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Payday Limbo

After losing a two-year, multimillion-dollar battle with voters and lawmakers, Arizona’s payday lenders are fighting for their lives.

The industry is set to expire July 1, a reality that was reinforced during the legislative session when lawmakers rebuffed three attempts to keep it alive.

But industry executives say the high-interest, short-term loan business will find ways to survive, if only with a different, less-lucrative business plan. Critics say like any good financial scheme, payday lenders will look to get a return on their massive investment left behind and will be back with its cadre of lobbyists.

Rather than shut down for good, some are looking at auto title loans, check cashing and other financial services they can provide that would keep at least some of their 603 stores open and some of their nearly 5,000 workers employed. But there may be only so much room in the market for those services, and many other businesses already offer them.

Steven Schlein, a spokesman for the Community Financial Services Association of America, a national payday lending group that represents 60 percent of the lenders in Arizona, said payday loan businesses are still evaluating their options.

“They can make other kinds of short-term loans. They’re going to stay in the short-term lending business, absolutely,” Schlein said.

Some lawmakers are convinced payday lenders will stick around, biding their time under a different business model, until next year when the Legislature begins another session with new members. Critics of the industry say payday lending is simply too lucrative and that the industry has invested too much in the fight to simply fade away, even if it has to lay low for a year or two. In 2008, the industry spent $15 million on a failed ballot measure that would have saved payday lenders.

Sen. Debbie McCune Davis, one of the Legislature’s most active foes of payday lending, said she believes the industry may try a “backdoor approach” similar to a recent proposal that was pitched in the Senate Finance Committee.

Instead of reauthorizing the law that allows interest rates that add up to about 400 percent annually, industry supporters proposed changing the law to allow higher fees on consumer loans that are otherwise capped at 36 percent interest. That bill was pulled from the committee’s agenda without a vote due to a lack of support.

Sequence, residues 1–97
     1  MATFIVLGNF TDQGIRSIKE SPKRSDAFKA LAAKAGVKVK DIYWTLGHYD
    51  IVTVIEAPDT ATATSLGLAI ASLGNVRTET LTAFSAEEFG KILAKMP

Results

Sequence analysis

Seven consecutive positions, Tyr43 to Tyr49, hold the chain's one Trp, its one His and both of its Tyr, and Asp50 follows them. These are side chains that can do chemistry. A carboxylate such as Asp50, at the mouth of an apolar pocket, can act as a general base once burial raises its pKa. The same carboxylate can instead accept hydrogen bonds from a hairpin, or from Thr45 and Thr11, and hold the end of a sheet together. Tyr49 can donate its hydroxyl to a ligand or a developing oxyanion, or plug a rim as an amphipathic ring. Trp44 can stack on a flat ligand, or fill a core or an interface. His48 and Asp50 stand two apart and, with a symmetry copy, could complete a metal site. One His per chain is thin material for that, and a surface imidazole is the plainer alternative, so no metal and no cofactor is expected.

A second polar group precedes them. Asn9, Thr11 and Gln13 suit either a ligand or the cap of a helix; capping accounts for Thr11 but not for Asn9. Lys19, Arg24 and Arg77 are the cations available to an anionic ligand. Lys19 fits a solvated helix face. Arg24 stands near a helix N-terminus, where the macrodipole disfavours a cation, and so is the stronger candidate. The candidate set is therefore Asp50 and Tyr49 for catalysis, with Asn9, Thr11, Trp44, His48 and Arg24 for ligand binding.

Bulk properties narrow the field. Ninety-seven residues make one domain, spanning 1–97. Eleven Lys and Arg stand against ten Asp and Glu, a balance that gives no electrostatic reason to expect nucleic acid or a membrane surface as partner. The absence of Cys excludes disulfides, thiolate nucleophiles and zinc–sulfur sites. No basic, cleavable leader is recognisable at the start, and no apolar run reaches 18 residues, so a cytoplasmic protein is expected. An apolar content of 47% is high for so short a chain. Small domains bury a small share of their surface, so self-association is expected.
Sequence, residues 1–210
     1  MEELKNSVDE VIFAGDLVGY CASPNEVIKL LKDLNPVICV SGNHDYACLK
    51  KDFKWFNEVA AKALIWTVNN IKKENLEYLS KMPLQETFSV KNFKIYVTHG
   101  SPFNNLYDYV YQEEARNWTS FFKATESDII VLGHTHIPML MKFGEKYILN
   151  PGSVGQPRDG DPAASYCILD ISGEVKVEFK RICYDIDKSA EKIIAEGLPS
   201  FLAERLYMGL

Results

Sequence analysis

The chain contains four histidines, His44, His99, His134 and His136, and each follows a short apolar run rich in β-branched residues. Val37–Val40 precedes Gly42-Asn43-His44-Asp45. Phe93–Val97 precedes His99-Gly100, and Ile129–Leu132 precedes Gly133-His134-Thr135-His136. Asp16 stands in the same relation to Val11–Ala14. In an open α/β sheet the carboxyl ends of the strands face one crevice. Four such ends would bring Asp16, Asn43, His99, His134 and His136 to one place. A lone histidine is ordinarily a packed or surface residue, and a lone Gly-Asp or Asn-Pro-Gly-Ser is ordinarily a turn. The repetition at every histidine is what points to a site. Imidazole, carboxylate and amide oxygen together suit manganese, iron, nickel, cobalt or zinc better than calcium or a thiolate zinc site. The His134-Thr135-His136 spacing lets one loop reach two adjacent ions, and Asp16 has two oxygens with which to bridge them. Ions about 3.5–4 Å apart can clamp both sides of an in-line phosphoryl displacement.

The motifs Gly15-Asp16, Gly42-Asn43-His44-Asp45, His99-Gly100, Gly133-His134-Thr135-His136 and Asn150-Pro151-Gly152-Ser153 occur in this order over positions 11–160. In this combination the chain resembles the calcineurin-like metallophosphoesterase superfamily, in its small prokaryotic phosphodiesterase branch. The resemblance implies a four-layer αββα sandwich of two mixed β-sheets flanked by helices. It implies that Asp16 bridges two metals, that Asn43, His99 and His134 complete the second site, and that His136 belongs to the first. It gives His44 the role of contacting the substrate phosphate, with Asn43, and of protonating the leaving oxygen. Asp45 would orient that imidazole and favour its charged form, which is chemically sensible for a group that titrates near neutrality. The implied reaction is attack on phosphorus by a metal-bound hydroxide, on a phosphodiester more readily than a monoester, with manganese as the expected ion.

“What they’re hoping is that the public attention to the issue will quiet down, and that they’ll be able come back in and simply influence legislators to give them another mechanism to do business. Essentially, that’s what’s happened in other states. They don’t just walk away,” said McCune Davis, a Phoenix Democrat.

McCune Davis said she doubts all 603 payday lenders in Arizona will simply close their doors on July 1, and some industry insiders say she’s probably right. Some, though not all, may stay in business by offering services such as auto title loans, which are short-term loans given against the value of a borrower’s car that consumer groups say can  bring nearly 700 percent interest. Businesses may also turn to check cashing, money wiring and installment loans, which are loans that are paid back in small, fixed amounts.

Payday lenders and their supporters say the demand for the short-term, high-interest loans isn’t going away. Some credit unions are already looking to pick up some of the slack left behind by the industry’s pending demise.

Many credit unions already offer alternatives, such as low-limit credit cards, “credit builder loans” with one- to two-year repayment plans and other services, said Sandy Watts, executive director of the Arizona Credit Union League. Watts and Scott Earl, the organization’s president and CEO, said credit unions are looking for new services they can provide as alternatives to payday loans, though they likely won’t be quite as easily obtainable as payday loans.

“I don’t think there’s any credit union that’s planning on being open on a street corner at 10 o’clock at night to fill people’s loan needs. But I do believe that credit unions have alternatives, and it’s much better for the consumer,” Earl said.